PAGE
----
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Planning for 3 partners, 7 successors

By Dr. Donald J. Jonovic

three partners with seven successors get the needed advice to help with the

Problem submitted by V.B., Iowa

My two brothers and I are all in our 60s. We've put together
a large grain operation. We also have hardworking sons (I have three; my
brothers each have two), who will take over.

We can farm thousands of acres, but the problem is we don't
have a clue how to begin the process of transferring this business and all
these assets to our children. (My brothers also each have daughters who live in
other parts of the country.)

Our accountant and attorney have been helpful over the
years, but mostly with business and tax problems. They rarely call us with
suggestions or ideas, and actually they seem to avoid our questions about
planning transition to the boys.

In our 50s, we always thought there was time. Now in our
60s, the future's not so far away anymore. How and where do we start?

Dr. Jonovic's Solution

Lawyers and accountants are key players in the farm
transition process, but these advisers are only part of that team.

Families who farm together seldom qualify for the
Communication Olympics. For many, conversations about the future are about as
common as armadillos in the Arctic. Even successful partnerships are burdened
with confusion, tensions, misunderstandings, and resentments. Goals are unclear
and often conflict.

Building a transition bridge from A to B is difficult if
there's only hazy agreement on the starting point and little, if any, agreement
on the end point.

Legal and accounting advisers can design and build the
bridge, but first they have to know important variables like the starting point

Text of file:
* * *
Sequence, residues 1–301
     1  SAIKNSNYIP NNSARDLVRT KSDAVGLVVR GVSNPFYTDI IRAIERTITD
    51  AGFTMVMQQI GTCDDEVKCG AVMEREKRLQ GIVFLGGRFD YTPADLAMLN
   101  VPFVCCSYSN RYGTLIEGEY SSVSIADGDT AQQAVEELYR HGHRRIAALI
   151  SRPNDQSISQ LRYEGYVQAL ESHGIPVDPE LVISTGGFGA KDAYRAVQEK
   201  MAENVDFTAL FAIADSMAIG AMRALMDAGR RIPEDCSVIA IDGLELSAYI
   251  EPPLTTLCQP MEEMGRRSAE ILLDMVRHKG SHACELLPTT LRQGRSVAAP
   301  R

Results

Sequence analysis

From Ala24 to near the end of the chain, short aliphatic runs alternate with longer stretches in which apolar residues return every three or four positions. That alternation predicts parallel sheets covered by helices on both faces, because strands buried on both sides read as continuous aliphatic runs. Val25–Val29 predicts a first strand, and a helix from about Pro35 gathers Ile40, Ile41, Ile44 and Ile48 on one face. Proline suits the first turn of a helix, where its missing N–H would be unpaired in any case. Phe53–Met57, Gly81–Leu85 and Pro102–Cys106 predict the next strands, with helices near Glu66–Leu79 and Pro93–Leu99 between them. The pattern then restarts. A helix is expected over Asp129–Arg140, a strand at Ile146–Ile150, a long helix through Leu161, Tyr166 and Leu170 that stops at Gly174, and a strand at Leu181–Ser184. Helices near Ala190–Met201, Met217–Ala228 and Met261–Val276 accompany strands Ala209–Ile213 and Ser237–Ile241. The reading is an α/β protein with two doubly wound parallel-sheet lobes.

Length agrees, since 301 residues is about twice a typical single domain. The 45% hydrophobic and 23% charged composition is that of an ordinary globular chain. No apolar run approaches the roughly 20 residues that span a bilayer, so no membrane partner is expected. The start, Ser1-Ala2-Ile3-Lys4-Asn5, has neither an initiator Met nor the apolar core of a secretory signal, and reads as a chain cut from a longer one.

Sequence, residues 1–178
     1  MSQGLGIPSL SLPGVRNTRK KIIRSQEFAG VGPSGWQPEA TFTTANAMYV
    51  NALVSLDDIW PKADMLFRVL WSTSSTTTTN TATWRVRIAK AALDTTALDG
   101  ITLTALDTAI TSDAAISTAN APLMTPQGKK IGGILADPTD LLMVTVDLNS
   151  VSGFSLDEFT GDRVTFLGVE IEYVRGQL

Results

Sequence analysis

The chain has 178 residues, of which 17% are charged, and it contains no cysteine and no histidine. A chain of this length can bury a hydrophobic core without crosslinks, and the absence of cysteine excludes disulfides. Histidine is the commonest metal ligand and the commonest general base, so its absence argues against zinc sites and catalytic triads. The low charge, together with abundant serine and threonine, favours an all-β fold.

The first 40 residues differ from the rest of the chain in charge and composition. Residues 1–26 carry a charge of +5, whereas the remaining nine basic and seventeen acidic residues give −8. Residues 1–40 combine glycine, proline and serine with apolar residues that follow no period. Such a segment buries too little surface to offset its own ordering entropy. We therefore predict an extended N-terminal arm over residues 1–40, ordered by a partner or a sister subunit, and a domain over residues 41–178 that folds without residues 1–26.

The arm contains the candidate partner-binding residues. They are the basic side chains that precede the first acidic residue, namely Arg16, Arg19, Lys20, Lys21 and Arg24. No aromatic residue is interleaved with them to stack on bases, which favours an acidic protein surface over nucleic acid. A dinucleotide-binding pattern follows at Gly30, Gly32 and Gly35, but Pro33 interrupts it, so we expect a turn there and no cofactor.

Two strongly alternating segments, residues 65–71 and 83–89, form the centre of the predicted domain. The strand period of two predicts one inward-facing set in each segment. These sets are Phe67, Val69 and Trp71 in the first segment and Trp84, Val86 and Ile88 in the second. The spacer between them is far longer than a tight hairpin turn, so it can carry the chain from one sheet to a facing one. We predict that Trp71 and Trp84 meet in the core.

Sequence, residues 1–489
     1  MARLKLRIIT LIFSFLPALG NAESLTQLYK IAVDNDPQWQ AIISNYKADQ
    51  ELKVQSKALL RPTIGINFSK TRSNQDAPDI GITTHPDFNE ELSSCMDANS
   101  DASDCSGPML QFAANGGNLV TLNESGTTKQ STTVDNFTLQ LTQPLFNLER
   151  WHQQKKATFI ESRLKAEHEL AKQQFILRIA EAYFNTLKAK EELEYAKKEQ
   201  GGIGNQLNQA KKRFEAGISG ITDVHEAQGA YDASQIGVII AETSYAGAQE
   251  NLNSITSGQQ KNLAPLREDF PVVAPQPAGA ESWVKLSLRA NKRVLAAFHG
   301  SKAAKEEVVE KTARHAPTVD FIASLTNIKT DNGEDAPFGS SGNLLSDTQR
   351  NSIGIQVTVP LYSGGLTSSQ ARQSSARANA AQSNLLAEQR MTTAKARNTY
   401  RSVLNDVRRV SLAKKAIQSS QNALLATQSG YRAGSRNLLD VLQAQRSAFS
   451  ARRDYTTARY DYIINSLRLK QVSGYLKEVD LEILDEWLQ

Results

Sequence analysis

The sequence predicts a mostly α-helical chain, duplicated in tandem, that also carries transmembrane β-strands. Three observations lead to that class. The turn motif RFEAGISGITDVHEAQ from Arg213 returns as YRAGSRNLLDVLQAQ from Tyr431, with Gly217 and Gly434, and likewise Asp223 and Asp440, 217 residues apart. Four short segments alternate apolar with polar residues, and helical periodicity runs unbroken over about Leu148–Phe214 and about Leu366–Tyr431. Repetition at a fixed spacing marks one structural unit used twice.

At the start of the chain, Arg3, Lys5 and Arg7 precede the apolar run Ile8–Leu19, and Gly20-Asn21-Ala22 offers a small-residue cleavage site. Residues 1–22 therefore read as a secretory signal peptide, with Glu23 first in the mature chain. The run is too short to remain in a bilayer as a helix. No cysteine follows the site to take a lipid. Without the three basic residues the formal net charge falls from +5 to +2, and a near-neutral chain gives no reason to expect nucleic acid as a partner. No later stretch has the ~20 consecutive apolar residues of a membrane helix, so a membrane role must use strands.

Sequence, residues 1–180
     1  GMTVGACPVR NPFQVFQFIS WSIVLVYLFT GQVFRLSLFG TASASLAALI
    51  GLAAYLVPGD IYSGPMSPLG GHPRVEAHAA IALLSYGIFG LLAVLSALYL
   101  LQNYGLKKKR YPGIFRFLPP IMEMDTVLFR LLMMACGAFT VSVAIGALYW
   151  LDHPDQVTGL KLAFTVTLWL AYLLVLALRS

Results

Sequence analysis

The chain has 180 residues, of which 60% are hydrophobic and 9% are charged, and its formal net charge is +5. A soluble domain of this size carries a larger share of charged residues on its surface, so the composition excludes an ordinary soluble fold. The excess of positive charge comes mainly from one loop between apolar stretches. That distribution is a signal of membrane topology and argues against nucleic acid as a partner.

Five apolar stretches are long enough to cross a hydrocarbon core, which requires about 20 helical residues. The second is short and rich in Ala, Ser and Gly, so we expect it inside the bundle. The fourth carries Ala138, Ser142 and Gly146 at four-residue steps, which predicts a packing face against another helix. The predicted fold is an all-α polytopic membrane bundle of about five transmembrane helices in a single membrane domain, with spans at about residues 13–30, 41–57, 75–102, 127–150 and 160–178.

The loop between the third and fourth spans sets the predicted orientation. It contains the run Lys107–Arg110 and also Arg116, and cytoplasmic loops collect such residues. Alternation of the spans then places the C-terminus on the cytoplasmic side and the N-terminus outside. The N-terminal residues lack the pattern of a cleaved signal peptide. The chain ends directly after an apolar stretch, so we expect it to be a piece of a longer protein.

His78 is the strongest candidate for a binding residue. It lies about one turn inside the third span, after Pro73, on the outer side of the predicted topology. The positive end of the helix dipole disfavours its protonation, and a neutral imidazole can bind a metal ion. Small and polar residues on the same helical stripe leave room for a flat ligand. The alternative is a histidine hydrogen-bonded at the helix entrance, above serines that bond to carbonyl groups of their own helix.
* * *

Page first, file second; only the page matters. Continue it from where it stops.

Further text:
(people, assets, cash flow, organization), the end point (retirement dates,
growth plans, objectives for off-farm heirs), and what the structure will have
to bear (capital needs, financing, compensation).

These are the kinds of family and business questions legal
and accounting training don't prepare such advisers to answer for their
clients. For that, a hybrid approach is almost always best.

Over the past few decades, specialists have evolved who
focus on helping families and partners unclog communication and wend through
the predecisions. Their approach can demonstrate to V.B. and others how to work
with all advisers effectively.

Typically, transition specialists begin with a deep dive
into the fundamentals of both family and business. They review the
organization, the P&L, and balance sheet. There are interviews with each
family member and key employee to uncover patterns of shared and competing
goals, points of conflict, strengths, and weaknesses.

These advisers then work with the owners and family to
define that elusive transition goal (point B), so that the bridge builders -- the lawyers and accountants -- can join everyone at the table to determine how
best to apply steel and concrete to the plan.

Although these new specialists are still few and far
between, they can be found. Failing that, the traditional advisers and families
in transition can still use the approach of these specialists to do the
analysis and predesign work -- defining what exists today and what the goals
are -- in order to apply estate and tax laws efficiently toward that end.

Designing a farm transition is often so daunting to families
because it seems to begin as little more than a bridge to nowhere.

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